GQ Scrubs Comedian Russell Brand from Website After Nazi Joke

At the recent GQ Awards dinner co-hosted in London by fashion giant Hugo Boss and GQ magazine, comedian Russell Brand joked that the fashion company supplied uniforms to the Nazis during WWII.

GQ was so upset over the slap at one of its biggest advertisers that it scrubbed all mentions of Brand from its website.

During the September 3 awards dinner, Brand, an iconoclast well known for stirring up trouble at every opportunity, slammed London Mayor Boris Johnson for "making light" of the use of chemical weapons in Syria, joked that GQ now stood for "genocide quips," and then went after Hugo Boss, linking them to the Nazis of WWII.

Quipped Brand, "...if any of you know a little bit about history and fashion, you’ll know that Hugo Boss made the uniforms for the Nazis. And the Nazis did have flaws. But they did look f**king fantastic, let’s face it, while they were killing people on the basis of their religion and sexuality."

Hugo Boss reportedly paid upwards to £250,000 to co-host the awards dinner only to have Brand cast them in the with Nazis.

GQ was not amused, and so it sent all mentions of Brand down the Internet memory hole despite that the magazine had awarded him the "Oracle Of The Year" award at that very dinner.

The website Vocativ also reports that GQ removed Brand from its print magazine, too.

"The only evidence of Brand that remains on the GQ website," Vocativ says, "is a list of winners from the night’s liveblog, but if you click on Brand’s name, it goes to a 404: File Not Found."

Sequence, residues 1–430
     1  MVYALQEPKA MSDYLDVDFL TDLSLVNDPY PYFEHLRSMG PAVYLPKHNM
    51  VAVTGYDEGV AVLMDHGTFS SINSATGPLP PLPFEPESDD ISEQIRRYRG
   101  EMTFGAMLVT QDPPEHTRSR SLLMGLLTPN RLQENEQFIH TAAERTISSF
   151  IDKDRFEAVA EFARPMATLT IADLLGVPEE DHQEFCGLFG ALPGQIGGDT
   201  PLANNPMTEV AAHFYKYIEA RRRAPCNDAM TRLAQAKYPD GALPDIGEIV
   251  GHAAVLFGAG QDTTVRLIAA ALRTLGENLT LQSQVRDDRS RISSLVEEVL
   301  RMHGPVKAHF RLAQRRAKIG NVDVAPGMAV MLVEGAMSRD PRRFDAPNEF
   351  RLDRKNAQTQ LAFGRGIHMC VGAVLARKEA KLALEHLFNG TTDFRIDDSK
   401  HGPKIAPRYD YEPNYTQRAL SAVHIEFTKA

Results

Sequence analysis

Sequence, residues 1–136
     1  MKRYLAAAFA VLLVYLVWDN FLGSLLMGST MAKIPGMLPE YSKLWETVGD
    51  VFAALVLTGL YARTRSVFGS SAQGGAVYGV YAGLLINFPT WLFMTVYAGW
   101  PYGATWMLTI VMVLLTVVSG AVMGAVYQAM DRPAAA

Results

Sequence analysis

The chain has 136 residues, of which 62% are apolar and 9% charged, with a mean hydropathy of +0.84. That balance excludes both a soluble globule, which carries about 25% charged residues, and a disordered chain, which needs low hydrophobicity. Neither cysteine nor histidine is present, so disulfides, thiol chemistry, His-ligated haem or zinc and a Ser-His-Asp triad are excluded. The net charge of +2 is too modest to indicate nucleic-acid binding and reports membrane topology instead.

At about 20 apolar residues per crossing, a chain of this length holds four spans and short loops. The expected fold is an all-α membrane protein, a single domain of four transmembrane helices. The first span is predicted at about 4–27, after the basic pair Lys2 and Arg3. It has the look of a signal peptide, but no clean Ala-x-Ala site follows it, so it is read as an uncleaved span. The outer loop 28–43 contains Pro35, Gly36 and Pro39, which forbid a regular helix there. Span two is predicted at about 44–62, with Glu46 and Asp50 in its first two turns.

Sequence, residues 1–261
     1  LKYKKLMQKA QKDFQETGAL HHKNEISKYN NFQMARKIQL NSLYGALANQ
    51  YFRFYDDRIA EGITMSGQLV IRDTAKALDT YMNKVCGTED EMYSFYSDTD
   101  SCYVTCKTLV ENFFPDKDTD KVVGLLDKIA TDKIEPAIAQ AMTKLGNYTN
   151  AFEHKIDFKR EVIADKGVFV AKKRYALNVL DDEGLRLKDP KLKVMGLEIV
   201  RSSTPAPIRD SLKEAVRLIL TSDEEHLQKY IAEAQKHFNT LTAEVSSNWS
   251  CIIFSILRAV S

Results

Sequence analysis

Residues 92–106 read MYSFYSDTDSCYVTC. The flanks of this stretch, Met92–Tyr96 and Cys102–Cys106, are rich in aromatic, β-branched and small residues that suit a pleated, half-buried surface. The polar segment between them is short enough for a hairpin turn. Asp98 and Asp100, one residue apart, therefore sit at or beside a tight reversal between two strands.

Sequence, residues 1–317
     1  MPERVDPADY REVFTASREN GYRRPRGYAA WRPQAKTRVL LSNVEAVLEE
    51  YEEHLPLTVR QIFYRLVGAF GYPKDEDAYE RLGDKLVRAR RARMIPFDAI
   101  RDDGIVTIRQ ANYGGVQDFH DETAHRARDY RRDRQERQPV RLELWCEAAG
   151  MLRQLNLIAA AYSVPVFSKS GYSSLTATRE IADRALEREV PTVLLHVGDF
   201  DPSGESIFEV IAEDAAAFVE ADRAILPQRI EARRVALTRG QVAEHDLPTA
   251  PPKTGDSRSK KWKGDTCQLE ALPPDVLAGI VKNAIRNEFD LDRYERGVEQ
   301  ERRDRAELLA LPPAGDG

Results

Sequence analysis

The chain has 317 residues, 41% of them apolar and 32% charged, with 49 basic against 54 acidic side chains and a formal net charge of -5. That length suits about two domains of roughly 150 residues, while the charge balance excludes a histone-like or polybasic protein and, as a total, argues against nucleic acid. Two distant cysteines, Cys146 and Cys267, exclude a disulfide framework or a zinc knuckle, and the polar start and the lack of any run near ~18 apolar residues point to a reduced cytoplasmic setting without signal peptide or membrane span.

It is certainly true that Hugo Boss founder, Hugo Boss himself, was an admitted Nazi and did supply some of the uniforms to the German Army. It is apparently not true that Boss and his company designed the uniforms. The company only manufactured them.

The comedian explained himself in a Sept. 13 article at the UK Guardian website.

"The jokes about Hugo Boss were not intended to herald a campaign to destroy them. They’re not Monsanto or Halliburton, the contemporary corporate allies of modern-day fascism; they are, I thought, an irrelevant menswear supplier with a double-dodgy history," Brand wrote.

So, to recap, GQ invited a comedian well-known for stirring trouble to a dinner hosted by one of its biggest advertisers and, after that same comedian stirred some trouble, ended up scrubbing all mentions of him from the magazine and website after a pointed joke about Nazis aimed at that big advertiser.


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